Optical fibers are made of glass designed to guide light along its length by total internal reflection. Glass fibers have a nominal diameter of 125 microns (0.125 mm) and are protected with a plastic sheath covering, forming diameters of 250 μm or 900 μm. The central part of the glass fiber is to guide the light called the "core" and the "cladding" around it has a low refractive index ratio to the "core" to confine the light that is guided. Quartz glass is fragile; therefore, it is covered with a protective sheath. There are three typical coatings used to incorporate optical fibers.
Primary Coated Fiber
This is covered with UV-cured - acrylate nominally 0.25 mm in diameter. Because it has an exceptionally small diameter, it has excellent capacity for cabling of large numbers of fibers and is widely used.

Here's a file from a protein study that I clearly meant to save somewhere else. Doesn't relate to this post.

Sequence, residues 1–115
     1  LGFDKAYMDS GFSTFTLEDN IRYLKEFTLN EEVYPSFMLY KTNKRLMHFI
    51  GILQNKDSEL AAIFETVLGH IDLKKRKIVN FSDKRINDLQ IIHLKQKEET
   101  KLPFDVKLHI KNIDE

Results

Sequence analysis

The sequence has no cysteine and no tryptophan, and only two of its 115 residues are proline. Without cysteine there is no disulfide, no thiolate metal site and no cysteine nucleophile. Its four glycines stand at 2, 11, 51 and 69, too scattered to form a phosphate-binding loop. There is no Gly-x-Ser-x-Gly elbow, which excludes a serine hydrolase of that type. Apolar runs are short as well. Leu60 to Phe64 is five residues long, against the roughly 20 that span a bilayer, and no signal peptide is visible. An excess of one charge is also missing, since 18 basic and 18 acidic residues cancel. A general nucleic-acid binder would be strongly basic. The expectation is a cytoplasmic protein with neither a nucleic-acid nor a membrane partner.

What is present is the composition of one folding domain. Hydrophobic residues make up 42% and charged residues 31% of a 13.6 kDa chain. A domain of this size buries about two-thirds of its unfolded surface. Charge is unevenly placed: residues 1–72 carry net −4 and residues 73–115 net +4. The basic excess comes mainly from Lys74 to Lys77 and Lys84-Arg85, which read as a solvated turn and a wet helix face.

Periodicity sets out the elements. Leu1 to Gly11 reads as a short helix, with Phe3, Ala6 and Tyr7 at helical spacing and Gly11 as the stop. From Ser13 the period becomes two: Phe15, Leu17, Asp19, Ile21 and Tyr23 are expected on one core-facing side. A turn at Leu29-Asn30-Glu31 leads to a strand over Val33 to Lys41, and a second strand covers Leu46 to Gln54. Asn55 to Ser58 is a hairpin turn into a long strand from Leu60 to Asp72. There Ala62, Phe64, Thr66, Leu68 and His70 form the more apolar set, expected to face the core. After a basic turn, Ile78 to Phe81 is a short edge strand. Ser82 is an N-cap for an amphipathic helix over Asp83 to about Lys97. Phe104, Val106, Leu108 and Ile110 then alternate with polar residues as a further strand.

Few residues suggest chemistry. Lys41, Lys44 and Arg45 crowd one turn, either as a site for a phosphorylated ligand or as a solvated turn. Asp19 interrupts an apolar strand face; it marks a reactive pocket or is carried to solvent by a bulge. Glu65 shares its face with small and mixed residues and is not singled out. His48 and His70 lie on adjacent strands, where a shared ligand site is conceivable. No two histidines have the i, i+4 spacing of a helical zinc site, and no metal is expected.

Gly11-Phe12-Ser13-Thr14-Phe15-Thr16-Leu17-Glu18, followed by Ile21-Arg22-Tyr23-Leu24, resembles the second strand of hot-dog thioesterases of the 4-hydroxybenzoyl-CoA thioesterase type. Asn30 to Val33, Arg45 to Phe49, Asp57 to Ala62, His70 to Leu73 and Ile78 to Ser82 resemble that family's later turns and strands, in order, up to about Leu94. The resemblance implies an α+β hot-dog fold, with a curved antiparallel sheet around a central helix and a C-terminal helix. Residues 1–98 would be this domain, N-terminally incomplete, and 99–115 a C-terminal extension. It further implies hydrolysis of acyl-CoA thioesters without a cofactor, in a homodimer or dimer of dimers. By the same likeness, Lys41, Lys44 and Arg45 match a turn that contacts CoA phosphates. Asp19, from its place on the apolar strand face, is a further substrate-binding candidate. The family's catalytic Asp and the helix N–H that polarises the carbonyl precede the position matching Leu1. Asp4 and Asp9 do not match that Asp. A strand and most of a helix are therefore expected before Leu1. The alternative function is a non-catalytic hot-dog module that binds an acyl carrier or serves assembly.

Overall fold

Secondary fiber jackets are
either tight or semi-tight jacketed fibers. This is an optical fiber covered with thermoplastic to a diameter of 0.9mm. Compared to 0.25mm fiber, it is stronger, easier to handle and widely used in LAN wiring and other small fiber count cables.
Ribbon fiber provides an excellent way to increase the efficiency of connector assemblies and facilitate quality splices for increased productivity. Ribbons are made of 4, 8 or 12, for fiber counts as large as 1000 of colored fibers are easily removed by mass splicing with standard strippers or easily stripped for single fiber access UV acrylate material encapsulation. Ribbons can be spliced in a single fusion splicer with mass-fusion for easy identification of high fibercount cables.